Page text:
COVID-19: What’s Next for Law Firms

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Below is an excerpt adapted from Julie Savarino’s book Survive & Thrive Post-Pandemic: A Guidebook for Legal & Professional Services ProvidersIn her excerpt Savarino reviews how law firms need to adapt in the wake of COVID-19. 

COVID-19 has caused disruption to every person and professional on the planet to one degree or another, and the impacts will reverberate for some time. This pandemic will end once COVID-19 is counteracted by a vaccine, treatment, or immunity. But the current reality is that we are all going to be living with the coronavirus for a long time until valid countermeasures are proven to be effective and available.

Without a feeling of (relative) safety, certainty, and confidence, no human being can function at an optimal level. For many, these insecure and unsafe feelings may never completely go back to the “normal” as defined pre-COVID-19. As human beings, when our health is threatened, our (relative) feelings of safety and security are shattered. Uncertainty abounds, which puts a premium on flexibility for firms and professional services providers to react quickly to economic, market, client-related, and business changes.

What are some strategic things that professional services firms and providers can consider doing to survive and thrive?

Analyze, then optimize costs and expenses 

In the wake of the 2020 COVID-19 pandemic, most clients of all professional services firms and providers (except for those clients whose demand has remained stable or has exploded) were directed by clients to eliminate, reduce, and control all nonessential, non-mission-critical costs and expenses immediately and in a measurable and meaningful manner. Many clients have taken and continue to take dramatic steps to do so, such as:

  • Putting stop orders on engagements, matters, cases, and projects
  • Demanding decreased hourly rates
  • Demanding caps or not-to-exceed limits on existing work
  • Settling open cases and closing open, non-mission-critical matters and engagements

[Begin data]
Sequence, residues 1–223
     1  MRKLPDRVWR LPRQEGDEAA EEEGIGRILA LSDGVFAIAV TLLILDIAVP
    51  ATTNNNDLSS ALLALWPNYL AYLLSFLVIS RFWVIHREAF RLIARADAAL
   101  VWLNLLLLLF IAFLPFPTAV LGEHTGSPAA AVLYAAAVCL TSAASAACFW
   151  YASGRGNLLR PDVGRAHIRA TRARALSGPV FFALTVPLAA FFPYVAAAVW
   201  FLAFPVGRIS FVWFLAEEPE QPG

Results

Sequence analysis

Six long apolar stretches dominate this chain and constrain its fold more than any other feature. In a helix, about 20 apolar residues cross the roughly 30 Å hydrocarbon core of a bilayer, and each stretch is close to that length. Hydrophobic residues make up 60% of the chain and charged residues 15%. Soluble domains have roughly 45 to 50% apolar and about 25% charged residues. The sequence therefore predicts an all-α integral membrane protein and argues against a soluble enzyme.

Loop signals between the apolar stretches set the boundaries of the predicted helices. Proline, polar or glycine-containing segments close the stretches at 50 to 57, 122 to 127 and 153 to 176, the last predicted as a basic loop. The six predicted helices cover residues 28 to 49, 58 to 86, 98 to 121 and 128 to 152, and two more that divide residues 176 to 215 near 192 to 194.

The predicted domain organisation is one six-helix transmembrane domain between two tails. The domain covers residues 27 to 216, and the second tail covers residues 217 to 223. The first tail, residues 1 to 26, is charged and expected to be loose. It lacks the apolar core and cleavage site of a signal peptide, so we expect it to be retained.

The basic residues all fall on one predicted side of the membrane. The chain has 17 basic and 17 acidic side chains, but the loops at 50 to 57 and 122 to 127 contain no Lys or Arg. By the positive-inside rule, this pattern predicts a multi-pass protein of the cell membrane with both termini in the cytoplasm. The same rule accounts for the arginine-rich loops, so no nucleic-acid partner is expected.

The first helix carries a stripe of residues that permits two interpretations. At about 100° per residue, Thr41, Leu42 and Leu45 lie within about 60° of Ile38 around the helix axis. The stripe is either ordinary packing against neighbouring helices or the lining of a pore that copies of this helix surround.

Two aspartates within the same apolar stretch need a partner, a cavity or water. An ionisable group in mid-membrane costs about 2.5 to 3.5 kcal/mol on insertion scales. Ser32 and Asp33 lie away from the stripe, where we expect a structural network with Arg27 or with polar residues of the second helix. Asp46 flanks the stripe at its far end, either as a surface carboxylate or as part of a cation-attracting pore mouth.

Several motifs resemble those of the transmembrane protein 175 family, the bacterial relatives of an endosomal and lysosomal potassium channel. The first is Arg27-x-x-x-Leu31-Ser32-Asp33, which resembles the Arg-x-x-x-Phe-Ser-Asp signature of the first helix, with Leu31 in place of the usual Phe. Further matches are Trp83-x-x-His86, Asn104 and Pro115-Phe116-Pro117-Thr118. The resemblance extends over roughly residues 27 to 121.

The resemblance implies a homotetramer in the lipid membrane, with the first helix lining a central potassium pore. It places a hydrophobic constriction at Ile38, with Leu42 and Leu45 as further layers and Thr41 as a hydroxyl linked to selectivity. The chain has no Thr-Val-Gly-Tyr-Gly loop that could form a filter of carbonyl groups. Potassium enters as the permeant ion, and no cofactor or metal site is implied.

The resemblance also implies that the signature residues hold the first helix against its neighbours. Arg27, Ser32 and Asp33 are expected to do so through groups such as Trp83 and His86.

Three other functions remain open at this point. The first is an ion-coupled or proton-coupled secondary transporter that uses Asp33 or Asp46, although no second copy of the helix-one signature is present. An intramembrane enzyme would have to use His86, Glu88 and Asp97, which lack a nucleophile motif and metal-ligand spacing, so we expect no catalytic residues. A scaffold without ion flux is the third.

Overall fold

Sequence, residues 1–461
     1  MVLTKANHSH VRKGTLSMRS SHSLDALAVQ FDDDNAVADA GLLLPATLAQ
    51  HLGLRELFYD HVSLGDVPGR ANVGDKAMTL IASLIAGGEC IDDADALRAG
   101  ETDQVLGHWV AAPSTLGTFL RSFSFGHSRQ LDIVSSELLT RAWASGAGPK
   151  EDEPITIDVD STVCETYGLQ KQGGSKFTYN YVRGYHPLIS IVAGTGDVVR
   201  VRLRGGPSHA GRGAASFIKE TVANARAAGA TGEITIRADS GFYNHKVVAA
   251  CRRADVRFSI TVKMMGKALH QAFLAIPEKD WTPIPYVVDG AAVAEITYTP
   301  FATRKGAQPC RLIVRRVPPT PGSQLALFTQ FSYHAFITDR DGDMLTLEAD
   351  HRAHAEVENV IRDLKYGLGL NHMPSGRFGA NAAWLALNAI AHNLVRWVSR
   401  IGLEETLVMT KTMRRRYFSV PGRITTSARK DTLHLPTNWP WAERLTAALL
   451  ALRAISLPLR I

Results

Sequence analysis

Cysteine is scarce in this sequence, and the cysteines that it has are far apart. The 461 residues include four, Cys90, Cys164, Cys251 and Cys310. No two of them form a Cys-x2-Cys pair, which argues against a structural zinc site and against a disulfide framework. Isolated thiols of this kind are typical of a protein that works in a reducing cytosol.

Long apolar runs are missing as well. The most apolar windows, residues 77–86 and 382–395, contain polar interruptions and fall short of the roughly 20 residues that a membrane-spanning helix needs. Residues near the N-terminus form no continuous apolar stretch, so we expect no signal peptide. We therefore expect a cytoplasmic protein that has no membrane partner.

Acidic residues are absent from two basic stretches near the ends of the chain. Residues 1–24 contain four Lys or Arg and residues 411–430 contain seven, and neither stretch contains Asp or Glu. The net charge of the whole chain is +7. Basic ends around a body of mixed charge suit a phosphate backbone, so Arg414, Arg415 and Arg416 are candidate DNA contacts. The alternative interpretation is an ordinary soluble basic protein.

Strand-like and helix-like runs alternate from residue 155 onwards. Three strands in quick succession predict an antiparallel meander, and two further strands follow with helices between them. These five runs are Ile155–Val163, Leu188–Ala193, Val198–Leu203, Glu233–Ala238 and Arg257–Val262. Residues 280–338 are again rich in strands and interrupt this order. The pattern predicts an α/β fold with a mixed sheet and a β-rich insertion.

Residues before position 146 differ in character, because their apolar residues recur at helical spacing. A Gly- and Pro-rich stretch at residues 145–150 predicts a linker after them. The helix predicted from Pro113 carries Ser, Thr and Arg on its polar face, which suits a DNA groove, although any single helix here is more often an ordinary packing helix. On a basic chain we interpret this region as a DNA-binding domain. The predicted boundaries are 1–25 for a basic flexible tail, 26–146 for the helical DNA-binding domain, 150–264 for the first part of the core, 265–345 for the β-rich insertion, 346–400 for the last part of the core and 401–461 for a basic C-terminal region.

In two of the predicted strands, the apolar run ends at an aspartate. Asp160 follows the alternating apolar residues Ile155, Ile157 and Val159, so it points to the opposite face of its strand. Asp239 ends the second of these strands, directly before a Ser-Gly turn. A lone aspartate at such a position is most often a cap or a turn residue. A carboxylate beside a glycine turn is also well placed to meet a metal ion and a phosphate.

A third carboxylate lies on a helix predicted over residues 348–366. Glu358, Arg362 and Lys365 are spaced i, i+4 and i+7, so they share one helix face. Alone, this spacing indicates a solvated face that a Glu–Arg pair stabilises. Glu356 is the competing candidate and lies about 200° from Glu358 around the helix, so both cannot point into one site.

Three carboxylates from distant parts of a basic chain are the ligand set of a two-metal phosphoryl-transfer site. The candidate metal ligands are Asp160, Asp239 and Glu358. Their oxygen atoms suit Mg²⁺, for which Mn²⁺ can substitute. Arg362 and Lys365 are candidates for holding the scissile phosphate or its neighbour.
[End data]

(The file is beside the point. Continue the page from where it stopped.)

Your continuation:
• Decreasing the number of outside professional services firms and providers they use

Internally within professional services firms, these same demands are being made to every practice group and administrative support department. Firm leaders have asked all practice and administrative departments to reassess their budgets and planned hiring and spend and to make cuts in a measurable and meaningful manner.

But, as the legendary Ralph Baxter suggests, avoid making the mistake of cutting business development and marketing investments to the bone. Instead, do so strategically.

Embrace the new relationship realities

If there is one thing we learned from the COVID-19 crisis, it’s that people make the world go round. Without people working and interacting, the economy and our world as we know it come to a standstill. The success of many businesses—including law firms and other firms in the professional services sector—is driven by relationships with people, and all people and relationships have been altered in many ways because of the pandemic.

So, what each individual person/professional does, what we say, how we say it, and how we act toward all people we come across in every aspect of our life, along with the information we share during and after the COVID-19 crisis, will be remembered and make an impact. The impact is to your reputation and brand, which have a direct effect on the effectiveness of your business development and marketing efforts.

For example, being forced to create fully operational, remote workplaces was a sea change for many professional services firms and providers who were used to going into their offices to work each day. The questions post-pandemic are whether remote work will become more the norm once the crisis passes; how much total square footage of office space will be reduced in the coming months and years; and what the implications of less traditional office time on the firm’s brand and image are.

Rethink, review, and leverage your communications 

At all times, but especially during crises, time is a limited, valuable, and too-scarce commodity for every business professional. Firms and practitioners need to send information in the format clients prefer (not in legalese or lengthy documents) and be aware of time limitations.